We've had an insanely busy year as we moved from our old Silver Spring location to our beautiful new house in North Bethesda. I am so glad we made this move as now we have the space to comfortably host many more people for our events, e.g. Shabbat dinners. Last Shabbat we had over 60 people at our house, all having a fantastic time sitting both in our dining room as well as outside on our gorgeous backyard porch with candlelit tables. Realizing I've become an integral part of the Jewish community here is both an honor and a responsibility.
April marks my one year anniversary as a Moishe House resident, so this is a perfect time for me to reflect upon how Moishe House has shaped me into who I am today, as well as how I'd like to shape Moishe House and its community. I recently won a DC Jewish Guy of the Year award from www.gatherthejews.com, and I know that wouldn't have happened were it not for Moishe House.
I've always had a strong Jewish identity, but I wasn't very active in the traditional aspects of Judaism. My co-residents and previous residents of MH-MoCo (previously known as MH-Silver Spring) are much more active in Jewish practices, so this has been an incredibly intense learning period for me. With local Rabbis, I've been delving deeper into Torah and Talmud as I try to reconcile my identity as a scientist/skeptic with my rapidly evolving/growing spiritual life.
This personal journey to reconcile different aspects of myself lies at the heart of what I consider to be one of the most important challenges as a Moishe House resident: Creating a pluralistic environment for the Jewish community. Even though I wasn't raised religious, I still feel kinship with my deeply observant Jewish brethren, and I want nothing more than to provide a space in our home for them to feel welcome and comfortable. The challenge lies in the fact that it is unfortunately very hard to do that in a way that both secular and observant Jews can feel comfortable in the same room at the same time.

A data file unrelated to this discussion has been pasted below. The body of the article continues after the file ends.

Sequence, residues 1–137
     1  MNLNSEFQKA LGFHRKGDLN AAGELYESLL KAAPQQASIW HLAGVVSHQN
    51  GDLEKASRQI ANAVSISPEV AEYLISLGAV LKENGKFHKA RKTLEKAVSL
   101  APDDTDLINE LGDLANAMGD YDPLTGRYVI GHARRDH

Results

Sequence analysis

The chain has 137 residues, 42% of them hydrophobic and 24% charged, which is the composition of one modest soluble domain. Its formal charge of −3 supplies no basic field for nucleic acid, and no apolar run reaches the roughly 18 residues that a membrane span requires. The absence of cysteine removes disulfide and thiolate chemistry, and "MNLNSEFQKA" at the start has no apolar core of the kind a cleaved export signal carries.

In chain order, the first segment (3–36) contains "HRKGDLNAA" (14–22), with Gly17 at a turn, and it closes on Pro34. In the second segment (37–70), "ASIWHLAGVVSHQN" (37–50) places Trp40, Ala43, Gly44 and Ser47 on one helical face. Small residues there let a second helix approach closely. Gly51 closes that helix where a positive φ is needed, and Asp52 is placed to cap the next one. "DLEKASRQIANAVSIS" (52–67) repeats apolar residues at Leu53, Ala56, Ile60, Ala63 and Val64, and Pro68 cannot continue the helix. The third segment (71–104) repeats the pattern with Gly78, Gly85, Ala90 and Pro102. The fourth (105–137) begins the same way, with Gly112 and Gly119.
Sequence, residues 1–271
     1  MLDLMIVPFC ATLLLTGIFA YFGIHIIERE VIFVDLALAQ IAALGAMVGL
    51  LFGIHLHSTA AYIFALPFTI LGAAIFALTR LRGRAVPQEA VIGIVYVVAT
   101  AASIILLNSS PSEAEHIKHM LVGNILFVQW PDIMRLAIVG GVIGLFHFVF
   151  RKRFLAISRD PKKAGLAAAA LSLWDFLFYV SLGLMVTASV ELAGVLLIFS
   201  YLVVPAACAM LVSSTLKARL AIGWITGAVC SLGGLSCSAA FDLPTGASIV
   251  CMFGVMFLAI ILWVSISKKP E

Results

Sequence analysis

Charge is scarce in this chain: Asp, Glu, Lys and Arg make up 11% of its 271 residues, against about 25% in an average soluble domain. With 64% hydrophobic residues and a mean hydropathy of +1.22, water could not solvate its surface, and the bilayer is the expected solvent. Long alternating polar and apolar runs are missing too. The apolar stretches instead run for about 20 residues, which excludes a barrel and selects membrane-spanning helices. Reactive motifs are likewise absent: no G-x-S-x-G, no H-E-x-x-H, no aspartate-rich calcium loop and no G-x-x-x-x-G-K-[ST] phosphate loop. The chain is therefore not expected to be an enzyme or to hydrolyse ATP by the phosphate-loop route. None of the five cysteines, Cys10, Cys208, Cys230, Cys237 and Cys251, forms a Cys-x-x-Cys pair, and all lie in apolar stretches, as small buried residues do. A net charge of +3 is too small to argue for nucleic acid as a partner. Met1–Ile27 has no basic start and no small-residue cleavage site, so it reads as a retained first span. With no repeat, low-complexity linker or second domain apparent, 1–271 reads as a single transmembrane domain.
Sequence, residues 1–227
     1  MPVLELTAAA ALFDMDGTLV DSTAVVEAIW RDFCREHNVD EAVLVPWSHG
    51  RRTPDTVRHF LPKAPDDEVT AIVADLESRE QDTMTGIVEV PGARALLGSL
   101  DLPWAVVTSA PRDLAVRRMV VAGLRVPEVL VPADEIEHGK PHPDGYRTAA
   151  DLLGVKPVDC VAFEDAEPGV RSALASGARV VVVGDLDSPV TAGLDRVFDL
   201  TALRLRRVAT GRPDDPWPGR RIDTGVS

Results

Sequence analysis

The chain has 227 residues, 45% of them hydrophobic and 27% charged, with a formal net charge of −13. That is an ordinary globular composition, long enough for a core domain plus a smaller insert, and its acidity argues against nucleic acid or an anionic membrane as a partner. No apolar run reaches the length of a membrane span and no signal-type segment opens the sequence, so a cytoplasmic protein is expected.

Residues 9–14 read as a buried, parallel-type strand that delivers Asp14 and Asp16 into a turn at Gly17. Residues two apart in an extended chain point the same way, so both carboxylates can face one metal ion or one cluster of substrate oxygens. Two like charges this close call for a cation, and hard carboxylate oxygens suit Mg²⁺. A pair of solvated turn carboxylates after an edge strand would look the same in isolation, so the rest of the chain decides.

Given that the Jewish community is so small when compared to the rest of the world's communities, I feel that fragmentation within the Jewish community is a very significant obstacle. All that said, I do NOT believe that homogenization is a viable solution - we need/want to have all different kinds of Jews with different practices and outlooks in our world and in our lives - we just need to find a way to get along and connect with each other without judging or feeling judged.
As part of this effort to increase solidarity, I've been working hard to encourage more interactions between different Moishe House communities - last month I took a group of people to Philadelphia to see the new American Jewish History Museum, and we all stayed and hung out with MH-Philly. This last Shabbat, MH-Philly came to visit us, and I would dare say that these two events were some of our best ever (at least while I've been living in the house)! We've also had two great events with MH-Hoboken, and hopefully soon we'll be planning a triple MH event with Hoboken, Philly, and MoCo for a 4th of July weekend.
Along with a book club on science and G-d, the other thing I've been emphasizing in my efforts to create a greater sense of community is to have events that anyone can enjoy. As silly as it sounds, movie nights, nature hikes, and the like are incredibly important for bringing people of different outlooks and lifestyles together. I am particularly fond of our hiking events as these settings tend to foster deeper dialogues, and therefore deeper connections.
I know that I cannot live in Moishe House forever, so it is important to me that I leave something behind that lasts. I haven't figured out exactly what that is, but I think it will have to do with generating lasting partnerships with local organizations. If nothing else, I believe that helping MoHoMoCo make the transition towards a locally self-sustainable organization would be a significant contribution, so hopefully I can help make significant progress on that soon.
Thanks for reading :)